Functional summaries of disease-specific bio-networks can also characterize the disease of interest. Seah et al. [50] proposed a Functional Summary Generator (FUSE), which generates functional maps using graph theoretical analysis that enables the investigation of the higher level organization and modularity within the PPI. FUSE is a greedy approach based on the profit maximization problem [51]. It first determines the functional clusters and then iteratively selects clusters that result in an increased profit. They considered Alzheimer’s as a case study and constructed low- and high-resolution functional summaries that help to understand process-process interactions. The low-resolution summary gave a functional overview of the processes related to the disease, whereas a high-resolution summary provides the in-depth functional landscape of the disease, revealing associations between processes related to the disease.

Unusual PPIs have been implicated in a number of neurological disorders, such as Parkinson’s disease [52], Alzheimer’s disease [53], autism [54] and Huntington’s disease [55]. Hence, detecting abnormal PPI can give a better insight into the root cause of these diseases. For example, Li et al. [56] proposed a systems framework involving the interactome, gene expression and genome sequencing to identify a protein interaction module with members strongly enriched for autism candidate genes. They constructed the PPI network using the human protein interactome from BioGrid comprising 13,039 proteins and 69,113 curated interactions. The network was clustered by Blondel et al. [57], which resulted in smaller modules. To determine the associations of the network modules with autism spectrum disorder, they first considered the curated genes implicated in Autism Spectrum Disorder (ASD); among a total of 484 genes in the database (, 383 were on the protein interaction network. Enrichment tests for each module in the network revealed that for some specific modules’ de novo copy number variations, the rare copy number variations and the disruptive mutations each displayed a significant enrichment.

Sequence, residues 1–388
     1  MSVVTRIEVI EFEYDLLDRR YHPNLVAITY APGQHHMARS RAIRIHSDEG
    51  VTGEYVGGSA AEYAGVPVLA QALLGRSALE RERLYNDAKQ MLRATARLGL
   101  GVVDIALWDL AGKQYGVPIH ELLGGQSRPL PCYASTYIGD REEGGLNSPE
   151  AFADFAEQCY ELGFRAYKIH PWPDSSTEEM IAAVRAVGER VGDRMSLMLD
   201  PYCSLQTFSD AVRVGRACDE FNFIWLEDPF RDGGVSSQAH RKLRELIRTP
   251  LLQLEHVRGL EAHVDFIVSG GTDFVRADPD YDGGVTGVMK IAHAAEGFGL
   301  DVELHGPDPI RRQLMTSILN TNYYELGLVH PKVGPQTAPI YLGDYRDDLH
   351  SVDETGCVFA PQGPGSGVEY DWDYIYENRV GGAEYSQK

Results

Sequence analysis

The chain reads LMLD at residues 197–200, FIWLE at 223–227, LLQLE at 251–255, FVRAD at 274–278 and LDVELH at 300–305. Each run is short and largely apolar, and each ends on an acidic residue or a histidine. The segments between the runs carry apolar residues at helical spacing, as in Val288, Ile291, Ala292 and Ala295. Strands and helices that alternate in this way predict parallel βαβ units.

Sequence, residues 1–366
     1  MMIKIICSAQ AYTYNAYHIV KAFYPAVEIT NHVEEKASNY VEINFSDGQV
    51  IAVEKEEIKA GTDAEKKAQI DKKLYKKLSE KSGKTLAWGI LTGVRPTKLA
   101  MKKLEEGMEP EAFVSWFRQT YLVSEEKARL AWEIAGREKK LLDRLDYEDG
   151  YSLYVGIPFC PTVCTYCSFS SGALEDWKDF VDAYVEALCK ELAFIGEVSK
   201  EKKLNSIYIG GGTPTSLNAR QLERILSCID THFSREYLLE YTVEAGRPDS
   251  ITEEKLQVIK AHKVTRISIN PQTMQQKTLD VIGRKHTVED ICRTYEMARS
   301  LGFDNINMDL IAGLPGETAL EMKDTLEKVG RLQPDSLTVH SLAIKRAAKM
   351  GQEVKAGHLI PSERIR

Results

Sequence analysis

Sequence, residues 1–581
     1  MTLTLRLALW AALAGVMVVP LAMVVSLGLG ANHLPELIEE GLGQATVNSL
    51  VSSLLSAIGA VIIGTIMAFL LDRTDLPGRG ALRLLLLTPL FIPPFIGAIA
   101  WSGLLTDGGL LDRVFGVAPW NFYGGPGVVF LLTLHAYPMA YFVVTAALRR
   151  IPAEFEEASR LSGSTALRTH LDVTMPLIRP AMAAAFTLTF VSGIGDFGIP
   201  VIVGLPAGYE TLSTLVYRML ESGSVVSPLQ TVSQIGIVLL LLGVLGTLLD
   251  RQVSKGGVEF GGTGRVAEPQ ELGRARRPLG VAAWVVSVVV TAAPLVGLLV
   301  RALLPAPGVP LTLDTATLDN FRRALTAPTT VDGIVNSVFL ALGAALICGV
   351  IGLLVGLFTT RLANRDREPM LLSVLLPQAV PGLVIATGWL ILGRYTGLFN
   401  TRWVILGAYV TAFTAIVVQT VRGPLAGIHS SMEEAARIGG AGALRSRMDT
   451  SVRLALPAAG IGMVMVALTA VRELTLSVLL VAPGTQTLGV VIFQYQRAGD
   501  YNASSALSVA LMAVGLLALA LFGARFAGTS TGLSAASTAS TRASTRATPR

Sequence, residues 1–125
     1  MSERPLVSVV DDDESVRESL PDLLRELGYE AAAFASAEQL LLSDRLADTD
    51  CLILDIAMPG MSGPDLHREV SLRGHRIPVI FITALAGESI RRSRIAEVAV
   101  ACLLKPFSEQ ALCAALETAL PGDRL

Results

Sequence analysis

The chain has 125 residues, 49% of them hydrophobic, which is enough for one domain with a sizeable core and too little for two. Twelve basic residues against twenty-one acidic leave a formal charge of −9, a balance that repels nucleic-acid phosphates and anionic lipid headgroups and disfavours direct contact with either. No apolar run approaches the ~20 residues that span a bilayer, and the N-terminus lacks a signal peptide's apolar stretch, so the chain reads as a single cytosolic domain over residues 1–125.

Graph characterization of a disease-specific bio-networks is also important for understanding diseases. Goñi et al. [58] aided the understanding of the basis of Alzheimer’s Disease (AD) and Multiple Sclerosis (MS) by considered PPI and gene expression to study the centrality-related features of proteins whose genes were differentially expressed (seed proteins) with respect to their protein neighbors. Four disease-specific bio-graph networks were used: an MS network from blood tissue (MS-blood), an MS network from brain tissue (MS-brain), an Alzheimer’s network from blood tissue (AD-blood) and an Alzheimer’s network from brain tissue (AD-brain). The main topological properties considered were the average degree and the betweenness centrality, which were analyzed using the shortest path’s degree and the cluster coefficient. Figure 2 shows the Alzheimer’s network constructed from the brain tissue with 25 seed proteins and 109 neighbors. The purple-colored nodes indicate the seed protein; nodes in orange denote neighbor proteins whose nodes are connected either directly or indirectly; and nodes in green represent neighbor proteins that are not part of the considered network. They observed that there were only two direct interaction links between the seed proteins among the total 191 links. The results presented indicated that both diseases shared common characteristics as the lowest average degree of seed-proteins and a higher degree of betweenness. Their finding also shows that the seed proteins in peripheral regions of the PPI map are involved in different pathways and are integrated into subnetworks of the complete human proteome network.